Last August, as I was lying in a hospital bed, I made a promise. It was a promise to my kidneys following a grueling ordeal I’d just put them through — the 100-mile run that’s part of our Leadville Race Series. (You can read more about that in my November column from last year, “Race-Brain Retrospective.”
During the race, my kidneys had taken a beating and, according to my doctors, had endured enough damage that there was some possibility they might not completely recover.
So, like many people who unexpectedly find themselves in hospital beds, I did a little bargaining. I said, “Look, kidneys, if you’ll agree to heal completely and come back with 100 percent function, I promise I’ll be good to you from now on. I’ll never pull another stunt like this, I swear, and I’ll always treat you with the respect you deserve.”
Fortunately for me, my kidneys were the forgiving type, and apparently agreed to the bargain, because they did come back 100 percent. And, true to my word, I have complied with my promise. I have kept up my athletic activities, including challenging endurance events like the Leadville mountain-bike race, but I have not attempted anything like that 100-mile run, which, in retrospect, was a less-than-wise goal for me to pursue, given my level of training and experience at the time.
Over the past year, I’ve also been managing my stress, and I’ve been especially careful about what I put in my body, eating lots of nourishing foods and avoiding toxins, alcohol and common over-the-counter medications that might put an unnecessary burden on my organs. Today, as a result, I feel better than I ever have.
Even though my kidneys are now perfectly healthy, I still feel a sense of duty (combined with a deep sense of gratitude) that keeps me complying with my original promise to treat them with care and appreciation. The promise extends not just to my kidneys, of course, but to my whole body, and ultimately to my whole self.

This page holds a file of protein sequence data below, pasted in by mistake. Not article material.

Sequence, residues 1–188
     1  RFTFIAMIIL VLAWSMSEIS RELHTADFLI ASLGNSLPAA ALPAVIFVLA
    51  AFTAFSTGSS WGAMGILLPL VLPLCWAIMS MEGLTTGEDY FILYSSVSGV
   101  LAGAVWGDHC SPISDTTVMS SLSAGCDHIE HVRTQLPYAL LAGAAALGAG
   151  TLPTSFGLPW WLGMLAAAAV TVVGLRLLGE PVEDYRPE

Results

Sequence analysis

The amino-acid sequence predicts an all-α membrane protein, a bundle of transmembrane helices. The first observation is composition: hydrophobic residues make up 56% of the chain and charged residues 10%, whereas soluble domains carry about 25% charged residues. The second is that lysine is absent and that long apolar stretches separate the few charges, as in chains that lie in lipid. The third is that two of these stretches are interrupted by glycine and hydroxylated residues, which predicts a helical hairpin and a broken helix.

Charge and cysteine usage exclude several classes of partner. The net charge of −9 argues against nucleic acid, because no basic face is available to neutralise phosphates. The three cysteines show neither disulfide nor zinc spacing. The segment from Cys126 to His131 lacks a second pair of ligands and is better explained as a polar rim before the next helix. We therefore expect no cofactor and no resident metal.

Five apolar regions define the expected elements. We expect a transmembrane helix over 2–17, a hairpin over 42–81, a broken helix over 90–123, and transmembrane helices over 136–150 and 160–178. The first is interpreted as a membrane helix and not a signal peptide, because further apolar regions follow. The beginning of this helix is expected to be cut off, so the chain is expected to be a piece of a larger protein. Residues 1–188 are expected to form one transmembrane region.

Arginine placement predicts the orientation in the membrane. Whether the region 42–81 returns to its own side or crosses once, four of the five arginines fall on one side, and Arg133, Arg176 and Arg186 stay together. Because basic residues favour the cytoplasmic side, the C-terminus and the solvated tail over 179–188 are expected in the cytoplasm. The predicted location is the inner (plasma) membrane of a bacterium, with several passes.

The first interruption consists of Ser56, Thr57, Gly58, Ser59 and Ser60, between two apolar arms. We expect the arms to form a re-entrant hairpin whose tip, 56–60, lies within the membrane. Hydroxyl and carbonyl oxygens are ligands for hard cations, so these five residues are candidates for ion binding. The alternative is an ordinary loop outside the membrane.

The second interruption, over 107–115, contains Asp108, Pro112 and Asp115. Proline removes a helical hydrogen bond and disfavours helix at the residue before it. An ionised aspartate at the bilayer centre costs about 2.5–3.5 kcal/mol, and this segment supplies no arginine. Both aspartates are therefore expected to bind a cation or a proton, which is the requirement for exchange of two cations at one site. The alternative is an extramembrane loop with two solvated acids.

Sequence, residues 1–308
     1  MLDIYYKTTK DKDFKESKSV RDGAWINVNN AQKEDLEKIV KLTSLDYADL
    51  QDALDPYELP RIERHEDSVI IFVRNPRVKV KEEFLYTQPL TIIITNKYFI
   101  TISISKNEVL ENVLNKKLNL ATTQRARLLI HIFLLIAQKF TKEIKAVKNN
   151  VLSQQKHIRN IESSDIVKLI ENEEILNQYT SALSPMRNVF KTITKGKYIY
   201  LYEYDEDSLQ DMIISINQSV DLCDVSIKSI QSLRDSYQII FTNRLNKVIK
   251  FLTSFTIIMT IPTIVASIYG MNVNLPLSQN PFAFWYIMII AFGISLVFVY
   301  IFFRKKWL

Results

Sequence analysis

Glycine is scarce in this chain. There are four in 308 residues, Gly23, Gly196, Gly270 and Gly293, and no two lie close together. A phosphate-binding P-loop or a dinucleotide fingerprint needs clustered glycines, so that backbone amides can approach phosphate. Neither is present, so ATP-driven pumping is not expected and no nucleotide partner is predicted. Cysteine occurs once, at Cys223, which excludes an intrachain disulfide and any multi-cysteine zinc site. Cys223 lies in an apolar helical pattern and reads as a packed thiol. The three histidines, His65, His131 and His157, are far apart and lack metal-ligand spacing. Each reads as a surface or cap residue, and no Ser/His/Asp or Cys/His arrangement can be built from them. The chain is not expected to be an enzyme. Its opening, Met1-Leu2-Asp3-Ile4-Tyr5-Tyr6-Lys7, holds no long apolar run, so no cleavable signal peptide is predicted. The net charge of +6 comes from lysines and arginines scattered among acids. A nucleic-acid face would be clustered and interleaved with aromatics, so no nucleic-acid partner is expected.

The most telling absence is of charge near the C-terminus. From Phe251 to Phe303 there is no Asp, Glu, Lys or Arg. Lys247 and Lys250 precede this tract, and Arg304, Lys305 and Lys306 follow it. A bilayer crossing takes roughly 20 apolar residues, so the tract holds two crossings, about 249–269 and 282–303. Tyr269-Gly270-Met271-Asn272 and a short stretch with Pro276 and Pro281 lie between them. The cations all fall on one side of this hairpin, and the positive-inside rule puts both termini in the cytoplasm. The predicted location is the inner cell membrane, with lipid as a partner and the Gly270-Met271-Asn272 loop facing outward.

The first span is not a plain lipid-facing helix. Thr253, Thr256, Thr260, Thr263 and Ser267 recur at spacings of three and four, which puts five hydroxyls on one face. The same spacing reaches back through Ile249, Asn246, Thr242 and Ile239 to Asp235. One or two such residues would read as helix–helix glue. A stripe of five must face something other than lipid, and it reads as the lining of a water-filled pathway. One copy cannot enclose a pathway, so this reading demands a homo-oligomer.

Coming from a type-A, hard-driving personality like me, this promise of self-care might seem a little soft around the edges. It might even come off as a little selfish. But one thing I realized during my brief-but-clarifying stint in a hospital bed is that unless I am operating at 100 percent, I can’t really show up 100 percent for my family, friends and colleagues. I can’t hammer away at my larger personal and professional goals with anything like the intensity I normally would.
If any part of me is depleted or over-stressed, even temporarily, it limits my capacity. It holds me back from working and playing at the level I normally do. It blunts the impacts of my intentions and contributions in ways that leave me incredibly frustrated.
What I’ve come to accept is that if I want to live at full throttle (which I do), I have to be willing to do the things that empower me to live at full throttle. And ironically, that includes slowing down and backing off now and then, and noticing the signals my body is giving me that it’s running out of steam. It includes the kind of daily maintenance and self- monitoring that’s easy to forgo in the rush to accomplish and achieve more.
With 2012 drawing to a close, it’s a great time to review the year behind us and to consider honestly whether the way we’ve been living is as healthy, conscious and sustainable as we’d like. It’s an ideal time to take stock of where we’ve been treating ourselves with respect and care, and where we’ve been draining or driving ourselves with diminishing returns.
I urge you to consider, in particular, how you are showing up in your own life, and whether, with a little more attention to self-care, you might be able to amplify your capacity, focus and energy for others.
Is there a promise your mind-body wants to hear from you? Are there simple needs or urgent signals you’ve been ignoring for too long? This is the time to heed them so you can go into 2013 with all the strength, passion and enthusiasm the coming year deserves.